JAIC 1996, Volume 35, Number 3, Article 3 (pp. 197 to 218)
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Journal of the American Institute for Conservation
JAIC 1996, Volume 35, Number 3, Article 3 (pp. 197 to 218)




The restoration of fine art, as it is conceived and practiced in the West, is occasionally accompanied by controversy. Since the Renaissance, various standards and principles of restoration practice have been proposed and pursued, debated, and revised or discarded by succeeding generations. Among the most prominently debated principles in the 20th century is the claim that the goal of art conservation should be to present the artwork as the artist originally intended it to be seen. This idea emerged informally and anonymously in the late 19th century after advances in scientific analysis raised the possibility of identifying the artist's original materials and distinguishing them from later additions or alterations due to age, nature, accident, or human intervention.

It was inevitable that science would be applied to art and art history. Scientific approaches to worldly knowledge found increasing acceptance and recognition in the previous two centuries, and, by the early 19th century, the scientific perspective was formed into a system of philosophy based on the positive data of sense experience. Positivism located the roots of truth and knowledge in positive, observable scientific facts and their relations to each other and to natural law. In reaction, antipositivism arose to proclaim and defend the validity of human experience and human knowledge beyond the analytic reach of scientific method. Antipositivists concerned themselves with the soundness and cogency of experience and knowledge in the personal and social realms, especially in what came to be known as the social sciences. Debate between positivists and antipositivists received the most focused attention in the fields of anthropology and sociology. By the end of the 19th century, positivism was so broadly exercised and widespread that national differences in its application to art and art criticism were apparent (Broude 1991). In art history and in the emerging discipline of art conservation, debate about the role and influence of science and scientific technologies became involved with the concept of artist's intent in the National Gallery cleaning controversy of the 1940s and 1950s, when a technologically defined idea of following the artist's intentions was formalized as a principle of art conservation.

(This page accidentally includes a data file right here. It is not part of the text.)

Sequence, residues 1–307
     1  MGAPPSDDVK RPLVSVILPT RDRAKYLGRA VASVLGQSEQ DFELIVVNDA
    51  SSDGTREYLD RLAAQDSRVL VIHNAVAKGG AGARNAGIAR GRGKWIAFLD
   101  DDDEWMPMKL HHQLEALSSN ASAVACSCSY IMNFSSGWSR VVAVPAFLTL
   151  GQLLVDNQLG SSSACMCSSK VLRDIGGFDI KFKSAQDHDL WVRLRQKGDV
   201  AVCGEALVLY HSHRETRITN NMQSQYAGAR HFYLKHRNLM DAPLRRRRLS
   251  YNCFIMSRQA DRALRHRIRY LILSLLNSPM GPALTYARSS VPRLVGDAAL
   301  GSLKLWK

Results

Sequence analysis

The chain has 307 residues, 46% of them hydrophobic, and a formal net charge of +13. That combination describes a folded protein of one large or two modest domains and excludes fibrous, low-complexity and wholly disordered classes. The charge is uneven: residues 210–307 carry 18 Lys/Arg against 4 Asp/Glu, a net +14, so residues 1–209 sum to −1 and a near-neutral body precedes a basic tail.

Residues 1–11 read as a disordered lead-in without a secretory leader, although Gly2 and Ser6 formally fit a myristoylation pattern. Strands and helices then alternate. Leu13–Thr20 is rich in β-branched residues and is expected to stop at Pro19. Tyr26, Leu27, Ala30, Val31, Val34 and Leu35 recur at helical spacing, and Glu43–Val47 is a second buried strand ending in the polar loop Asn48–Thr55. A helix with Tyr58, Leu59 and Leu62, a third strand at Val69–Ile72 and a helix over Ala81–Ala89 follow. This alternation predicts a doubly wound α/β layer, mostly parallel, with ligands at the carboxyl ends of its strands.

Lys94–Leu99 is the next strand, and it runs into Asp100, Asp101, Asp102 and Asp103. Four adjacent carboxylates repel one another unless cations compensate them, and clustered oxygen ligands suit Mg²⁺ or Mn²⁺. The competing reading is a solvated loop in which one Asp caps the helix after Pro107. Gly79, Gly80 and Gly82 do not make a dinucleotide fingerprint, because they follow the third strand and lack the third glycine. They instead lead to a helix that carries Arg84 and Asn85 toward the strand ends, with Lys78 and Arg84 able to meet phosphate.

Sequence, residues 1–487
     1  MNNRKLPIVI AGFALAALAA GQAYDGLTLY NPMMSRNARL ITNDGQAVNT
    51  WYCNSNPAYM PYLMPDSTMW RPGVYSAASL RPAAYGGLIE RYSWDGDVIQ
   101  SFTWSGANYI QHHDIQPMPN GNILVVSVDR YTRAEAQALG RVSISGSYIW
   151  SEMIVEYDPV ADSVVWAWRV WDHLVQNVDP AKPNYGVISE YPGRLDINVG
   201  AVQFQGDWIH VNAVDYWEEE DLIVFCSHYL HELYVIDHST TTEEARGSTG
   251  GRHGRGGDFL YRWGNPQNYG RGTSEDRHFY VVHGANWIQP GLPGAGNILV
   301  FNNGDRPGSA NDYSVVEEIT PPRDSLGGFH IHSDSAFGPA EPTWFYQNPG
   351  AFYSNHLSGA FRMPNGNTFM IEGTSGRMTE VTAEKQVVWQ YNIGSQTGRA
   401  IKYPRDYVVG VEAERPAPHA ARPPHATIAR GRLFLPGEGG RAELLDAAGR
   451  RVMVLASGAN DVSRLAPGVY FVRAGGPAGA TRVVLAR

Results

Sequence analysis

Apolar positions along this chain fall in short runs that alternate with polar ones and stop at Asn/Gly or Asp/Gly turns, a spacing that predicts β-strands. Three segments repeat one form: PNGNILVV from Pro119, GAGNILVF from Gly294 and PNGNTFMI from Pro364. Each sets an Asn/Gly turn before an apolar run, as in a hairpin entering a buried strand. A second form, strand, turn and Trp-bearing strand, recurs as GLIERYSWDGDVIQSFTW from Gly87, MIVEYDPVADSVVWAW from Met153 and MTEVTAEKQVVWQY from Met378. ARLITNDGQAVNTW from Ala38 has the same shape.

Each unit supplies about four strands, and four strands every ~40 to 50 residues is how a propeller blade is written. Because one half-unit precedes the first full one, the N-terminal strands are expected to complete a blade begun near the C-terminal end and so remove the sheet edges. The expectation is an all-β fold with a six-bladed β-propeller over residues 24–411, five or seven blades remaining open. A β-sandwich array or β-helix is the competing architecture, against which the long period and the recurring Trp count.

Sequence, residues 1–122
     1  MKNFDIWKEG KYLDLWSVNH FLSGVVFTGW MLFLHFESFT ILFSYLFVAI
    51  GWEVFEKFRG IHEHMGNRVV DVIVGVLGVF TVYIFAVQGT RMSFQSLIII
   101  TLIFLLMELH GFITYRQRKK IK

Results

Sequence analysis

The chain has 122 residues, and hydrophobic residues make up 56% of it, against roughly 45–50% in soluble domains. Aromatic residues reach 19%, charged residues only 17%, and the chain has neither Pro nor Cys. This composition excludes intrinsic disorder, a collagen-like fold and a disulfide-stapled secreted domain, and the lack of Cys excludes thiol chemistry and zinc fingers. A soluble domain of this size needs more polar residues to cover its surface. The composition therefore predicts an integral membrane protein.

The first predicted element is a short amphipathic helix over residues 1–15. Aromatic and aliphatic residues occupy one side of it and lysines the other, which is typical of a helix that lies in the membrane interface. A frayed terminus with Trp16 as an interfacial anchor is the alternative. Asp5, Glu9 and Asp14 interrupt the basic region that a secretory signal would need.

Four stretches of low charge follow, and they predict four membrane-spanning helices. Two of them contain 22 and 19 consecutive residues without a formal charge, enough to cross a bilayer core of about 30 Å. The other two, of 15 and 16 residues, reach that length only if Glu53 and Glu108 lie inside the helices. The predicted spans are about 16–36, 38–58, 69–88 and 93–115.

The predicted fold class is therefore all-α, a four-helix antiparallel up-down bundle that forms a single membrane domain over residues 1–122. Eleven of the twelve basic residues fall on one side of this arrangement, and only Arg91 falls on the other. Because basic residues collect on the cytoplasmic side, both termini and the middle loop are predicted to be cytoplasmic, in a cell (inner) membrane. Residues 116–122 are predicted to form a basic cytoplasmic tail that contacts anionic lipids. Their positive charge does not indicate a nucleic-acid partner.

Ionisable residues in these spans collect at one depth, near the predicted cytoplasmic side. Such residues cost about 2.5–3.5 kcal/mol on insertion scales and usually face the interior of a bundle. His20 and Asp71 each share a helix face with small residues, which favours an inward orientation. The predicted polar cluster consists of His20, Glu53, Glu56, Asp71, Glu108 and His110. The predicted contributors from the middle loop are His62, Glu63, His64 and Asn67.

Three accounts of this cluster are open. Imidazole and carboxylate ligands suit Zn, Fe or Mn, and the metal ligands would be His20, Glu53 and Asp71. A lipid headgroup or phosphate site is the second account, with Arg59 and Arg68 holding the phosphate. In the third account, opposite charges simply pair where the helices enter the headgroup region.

Simultaneously, in literary and philosophical circles, the concept of artist's intent became the direct subject of another debate, unrelated to scientific and technological considerations. The phrase “intentional fallacy” was coined in the title of an influential scholarly article claiming that artists' intentions are neither available nor desirable as a standard for assessing art. The position established in “The Intentional Fallacy” (Wimsatt and Beardsley 1946) became known as anti-intentionalism. Intentionalists disagreed, arguing that any sense of the artist's intention, however obscure, can be a useful resource in interpreting a work of art.

Philosophy is not often a forte of the pragmatic practitioner, concerned with empirical results. Unlike philosophers, historians, and literary critics, art conservators did not separate along intentionalist and anti-intentionalist lines. While other disciplines perceived their specific issues in terms of positivism versus antipositivism and differing theories of art criticism and interpretation, conservators were artificially and superficially separated into two ad hoc schools—aesthetic conservators and scientific conservators. The broader issues became mired in methodological disagreement, and the principle of adherence to the artist's intentions was reduced to a casual tenet of conservation theory.

Most of the uncertainty and ambiguity surrounding artist's intentions can be directly attributed to the use of the word “intention” when it is applied to artists and their work. The word is tightly tied to subtle and diverse references to artistic biography and to competing theories of art, creativity, and aesthetics. Unraveling the knotted meanings of this word is necessary for improved discussion of the idea and its surrounding issues in the field of art conservation. Precise language and a deliberate understanding of the role of the artist in the artwork allow artist's intent to be carefully comprehended and applied to art conservation issues in a clear and constructive way.

Important contributions to this work come from philosophers working in the field of contemporary hermeneutics, the specific subdiscipline of philosophy concerned with the processes of interpretation, discourse, and humanistic understanding. In the past two decades, this work has shed new light on artistic discourse, the role of the artist, and the fundamental nature of works of art. The nature of art, artist's intentions, theory of the text, and theory of the work are all vital topics in contemporary hermeneutics.

Copyright � 1996 American Institute for Conservation of Historic and Artistic Works